Boston’s leading newspaper called out Harvard University for its “confusing” message on plagiarism, after the university backed embattled President Claudine Gay amid allegations she plagiarized past academic writings.
“Last week the university’s governing board released a confusing statement that appeared to confirm a few instances of plagiarism — without using that word,” the Boston Globe editorial board wrote on Monday.
Gay faced scrutiny last week after media outlets reported several instances of alleged plagiarism in Gay’s past writings. The Harvard Corporation said an independent academic probe discovered “a few instances of inadequate citation” in her writings as well. However, they “found no violation of Harvard’s standards for research misconduct.”
Despite this, Gay said she would be “proactively requesting four corrections in two articles to insert citations and quotation marks that were omitted from the original publications.”
The Globe accused Harvard of putting out a seemingly “contradictory” message on plagiarism.
“If Gay didn’t violate any standards of research, why would she need to correct anything?” the paper asked.
Harvard’s own guidelines on plagiarism published on its website don’t seem to fit with the governing board’s statement either, the Globe noted. Under a section entitled, “What Constitutes Plagiarism?,” the university says “it is considered plagiarism to draw any idea or any language from someone else without adequately crediting that source in your paper.”
The university goes on to call this “unacceptable” act, “stealing” someone else’s work, whether “intentionally or by accident.”
However, the paper pointed to Havard’s faculty of arts and science’s “Interim Policy and Procedures for Responding to Allegations of Research Misconduct” which has a different qualifier for plagiarism, saying that it must be committed “intentionally, knowingly, or recklessly.”
Harvard’s confusing guidelines, along with the governing board’s statement, are “muddying what should be a clear-cut line and creating ambiguity about academic standards,” the paper argued.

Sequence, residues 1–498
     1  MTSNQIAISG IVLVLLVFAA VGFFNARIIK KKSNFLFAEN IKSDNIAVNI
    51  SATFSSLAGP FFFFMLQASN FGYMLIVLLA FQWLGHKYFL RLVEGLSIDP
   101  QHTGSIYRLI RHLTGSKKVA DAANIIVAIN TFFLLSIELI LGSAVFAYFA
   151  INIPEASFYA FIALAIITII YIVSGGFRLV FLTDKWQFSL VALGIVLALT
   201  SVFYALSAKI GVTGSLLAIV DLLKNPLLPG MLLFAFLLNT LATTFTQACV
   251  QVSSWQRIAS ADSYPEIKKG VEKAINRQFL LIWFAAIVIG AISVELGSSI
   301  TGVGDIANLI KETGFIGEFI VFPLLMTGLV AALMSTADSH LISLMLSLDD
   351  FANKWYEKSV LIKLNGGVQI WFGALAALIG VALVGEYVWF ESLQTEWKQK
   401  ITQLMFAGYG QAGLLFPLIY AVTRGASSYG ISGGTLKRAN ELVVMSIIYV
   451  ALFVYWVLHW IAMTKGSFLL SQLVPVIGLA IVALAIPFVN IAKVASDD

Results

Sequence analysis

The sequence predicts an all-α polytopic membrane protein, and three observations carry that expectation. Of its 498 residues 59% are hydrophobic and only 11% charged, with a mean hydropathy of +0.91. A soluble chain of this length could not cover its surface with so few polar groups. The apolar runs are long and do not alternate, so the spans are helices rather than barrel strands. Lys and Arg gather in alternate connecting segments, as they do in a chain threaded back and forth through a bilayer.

“For the professors who have to enforce plagiarism rules in the trenches, it matters what message Harvard sends about its guidelines,” it added.
An investigation by the Washington Free Beacon found that in four papers published between 1993 and 2017, including her doctoral dissertation, Gay “paraphrased or quoted nearly 20 authors—including two of her colleagues in Harvard University’s department of government—without proper attribution.”
The Manhattan Institute’s Christopher Rufo and journalist Christopher Brunet also published instances of what they said were problematic sections of her Ph.D. dissertation that “violate Harvard’s own stated policies on academic integrity.”
The plagiarism accusations come on the heels of Gay’s controversial testimony before Congress responding to antisemitism on campus.
During the hearing, Gay would not give a clear answer when asked if calls for genocide against Jews violated Harvard policy.
The Harvard Corporation also addressed these comments, which Gay already apologized for, in voicing their “unanimous” support for her in their statement.
“As members of the Harvard Corporation, we today reaffirm our support for President Gay’s continued leadership of Harvard University. Our extensive deliberations affirm our confidence that President Gay is the right leader to help our community heal and to address the very serious societal issues we are facing,” the Harvard Corporation wrote in its statement.
“So many people have suffered tremendous damage and pain because of Hamas’s brutal terrorist attack, and the University’s initial statement should have been an immediate, direct, and unequivocal condemnation,” the statement continued. “Calls for genocide are despicable and contrary to fundamental human values. President Gay has apologized for how she handled her congressional testimony and has committed to redoubling the University’s fight against antisemitism.”
Harvard did not respond to a request for comment by Fox News Digital.
Fox News’ Brian Flood and David Rutz contributed to this report.